Norwich City
Birmingham City
7:45 PM UTC
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 By David Mooney

Manchester City right to escape punishment for pitch invasion

When the full time whistle went at the end of Manchester City's 5-0 win over Swansea on Sunday, it was clear there was going to be a pitch invasion. Extra stewards had lined around the perimeter advertising boards and fans were in a celebratory mood, with the match the first since the club clinched the Premier League title. When the match was over, supporters poured on to the field to enjoy the club's third title in seven seasons.

Pep Guardiola and his players rushed out of the way and down the tunnel -- with the exception of Benjamin Mendy, who stayed out for a few moments longer to drink in the atmosphere. The defender has become a social media hit in his absence through injury, so it was little surprise to see him get involved with the masses.

The manager defended the fans' actions amid fears City could have been charged by the Football Association, but those worries were quashed on Monday. The governing body decided no action was necessary because it was "celebratory in nature". Join us next week for another episode of "Stating the Obvious".

There haven't been a huge number of pitch invasions by City fans down the years and those that have are more often than not good-natured. The most recent bad-tempered one came 25 years ago , when supporters witnessed their team crash out of the FA Cup 4-2 to Tottenham at Maine Road. Play was suspended and police horses were needed to clear the troublemakers from the pitch.

In the years that followed, City fans only ever burst from the stands in celebration. After a torrid season in the third tier in 1998-99, the club's lowest ever ranking in its history, the supporters piled on to the Maine Road turf after winning the playoff semifinal second leg 1-0 against Wigan. The result saw them take a 2-1 aggregate victory. There was light at the end of what had been a very dark tunnel.

"We're the famous Man City, and we're going to Wembley!" was the cry. Fans didn't care it was for a third tier playoff final rather than to contest FA Cup or League Cup honours. That's how bad things had been in the years before.

Manchester City fans invade the pitch following the Premier League win over Swansea.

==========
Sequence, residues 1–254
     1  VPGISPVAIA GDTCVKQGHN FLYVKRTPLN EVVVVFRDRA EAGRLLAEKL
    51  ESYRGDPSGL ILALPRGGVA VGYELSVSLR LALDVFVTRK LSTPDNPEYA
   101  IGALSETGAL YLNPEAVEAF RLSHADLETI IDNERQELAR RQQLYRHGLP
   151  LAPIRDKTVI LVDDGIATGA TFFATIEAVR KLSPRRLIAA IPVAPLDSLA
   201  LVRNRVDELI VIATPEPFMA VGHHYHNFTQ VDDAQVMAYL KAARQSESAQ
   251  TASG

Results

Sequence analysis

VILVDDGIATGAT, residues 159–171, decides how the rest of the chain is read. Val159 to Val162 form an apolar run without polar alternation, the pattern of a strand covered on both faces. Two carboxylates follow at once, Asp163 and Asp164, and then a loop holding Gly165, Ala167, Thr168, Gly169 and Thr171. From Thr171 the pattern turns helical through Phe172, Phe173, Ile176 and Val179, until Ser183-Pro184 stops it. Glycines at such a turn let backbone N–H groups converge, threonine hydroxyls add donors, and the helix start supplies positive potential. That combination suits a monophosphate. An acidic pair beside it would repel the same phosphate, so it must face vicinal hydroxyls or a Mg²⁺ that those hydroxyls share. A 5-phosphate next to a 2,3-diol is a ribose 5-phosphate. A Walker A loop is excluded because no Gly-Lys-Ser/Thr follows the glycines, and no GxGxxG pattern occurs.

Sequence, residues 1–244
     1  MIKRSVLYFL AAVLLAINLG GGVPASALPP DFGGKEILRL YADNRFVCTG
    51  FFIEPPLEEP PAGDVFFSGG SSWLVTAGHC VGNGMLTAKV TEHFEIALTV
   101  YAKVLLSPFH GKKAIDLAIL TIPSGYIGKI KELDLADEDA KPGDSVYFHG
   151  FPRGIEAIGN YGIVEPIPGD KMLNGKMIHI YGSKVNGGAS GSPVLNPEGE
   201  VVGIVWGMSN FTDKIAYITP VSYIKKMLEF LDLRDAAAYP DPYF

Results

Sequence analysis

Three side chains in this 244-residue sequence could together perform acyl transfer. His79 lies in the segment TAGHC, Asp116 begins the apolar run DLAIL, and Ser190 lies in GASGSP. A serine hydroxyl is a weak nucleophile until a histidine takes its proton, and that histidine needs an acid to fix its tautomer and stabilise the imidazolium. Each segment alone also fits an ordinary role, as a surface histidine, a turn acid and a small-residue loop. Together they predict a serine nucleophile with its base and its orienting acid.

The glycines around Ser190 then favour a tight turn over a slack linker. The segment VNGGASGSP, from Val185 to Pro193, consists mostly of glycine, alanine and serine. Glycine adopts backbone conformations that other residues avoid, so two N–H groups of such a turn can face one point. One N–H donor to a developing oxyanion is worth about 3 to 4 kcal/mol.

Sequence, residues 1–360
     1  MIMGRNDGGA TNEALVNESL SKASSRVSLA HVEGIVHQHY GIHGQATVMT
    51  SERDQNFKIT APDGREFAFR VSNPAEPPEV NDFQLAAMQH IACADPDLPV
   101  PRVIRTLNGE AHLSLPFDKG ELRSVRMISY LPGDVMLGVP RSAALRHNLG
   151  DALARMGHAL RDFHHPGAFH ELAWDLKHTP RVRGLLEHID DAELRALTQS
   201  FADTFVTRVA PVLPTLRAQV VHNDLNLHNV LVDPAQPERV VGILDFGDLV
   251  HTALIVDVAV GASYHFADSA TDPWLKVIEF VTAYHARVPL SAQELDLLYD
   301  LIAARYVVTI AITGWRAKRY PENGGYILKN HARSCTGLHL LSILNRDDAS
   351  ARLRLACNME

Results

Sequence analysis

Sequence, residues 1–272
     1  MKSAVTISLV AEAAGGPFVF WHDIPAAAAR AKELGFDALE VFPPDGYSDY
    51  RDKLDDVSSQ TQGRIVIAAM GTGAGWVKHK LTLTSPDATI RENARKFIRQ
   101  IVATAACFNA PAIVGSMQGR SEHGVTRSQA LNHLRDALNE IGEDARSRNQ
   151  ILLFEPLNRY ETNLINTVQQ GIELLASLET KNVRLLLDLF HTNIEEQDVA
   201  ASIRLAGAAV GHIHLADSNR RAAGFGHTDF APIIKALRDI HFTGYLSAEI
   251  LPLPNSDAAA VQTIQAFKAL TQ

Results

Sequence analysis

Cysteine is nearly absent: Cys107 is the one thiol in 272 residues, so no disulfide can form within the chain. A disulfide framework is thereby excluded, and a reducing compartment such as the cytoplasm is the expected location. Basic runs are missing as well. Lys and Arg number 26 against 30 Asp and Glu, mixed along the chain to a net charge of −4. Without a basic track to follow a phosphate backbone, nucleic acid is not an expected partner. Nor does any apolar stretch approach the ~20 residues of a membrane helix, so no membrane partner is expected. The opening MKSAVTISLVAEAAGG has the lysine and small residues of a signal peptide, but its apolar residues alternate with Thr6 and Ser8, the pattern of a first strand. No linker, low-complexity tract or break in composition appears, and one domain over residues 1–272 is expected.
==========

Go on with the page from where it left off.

Manchester City fans were in the mood for a party after beating Swansea 5-0.

Having beaten Gillingham to go up to the second tier, City fans were back on the Maine Road turf at the end of the following season. Joe Royle's side were on the brink of back-to-back promotions after a 1-0 midweek win over Birmingham and supporters thought they'd done enough to return to the Premier League -- only to see Ipswich take an unlikely win at Charlton, who'd already been crowned champions.

Never ones to miss out on a party, though, the supporters instead invaded the Ewood Park pitch the following week, after City's 4-1 victory at Blackburn got the job done on the final match of the season.

Some opposing fans have criticised the City supporters for their reaction to the win over Swansea. Of course, the atmosphere inside the Etihad was jovial from kick off -- the home side were champions, after all -- so there was no immediate rush of jubilation on the final whistle. The win did nothing to change the course of City's season, they were guaranteed to be top of the league at the end come what may.

This wasn't the explosion of joy that the 2012 or, to a lesser extent, the 2014 titles saw. There had been no nerves at the beginning of the match, replaced by the exhilaration of winning. The first Premier League-winning pitch invasion at the Etihad followed a 92nd-minute equaliser and a 94th-minute winner -- from such a devastating low to such an ecstatic high, there was only going to be one outcome at the end of City's 3-2 win over QPR in May 2012.

But because this term didn't have that sort of drama, many saw Sunday's pitch invasion as excessive. Imagine being that downbeat after having seen the champions perform as they have done this season to decide how the fans enjoying it should and shouldn't celebrate.

Ultimately, City supporters shouldn't be chastised for bursting on to the pitch and celebrating with the players. Football is a game of emotions and if you can't enjoy yourself in a good-natured and safe manner at the earliest opportunity after being crowned the best team in the country, when can you celebrate?

It's right the FA will take no further action. It'd be detrimental to the sport if they had sided with the Fun Police on this one.

David Mooney is ESPN FC's Manchester City blogger. Twitter: @DavidMooney


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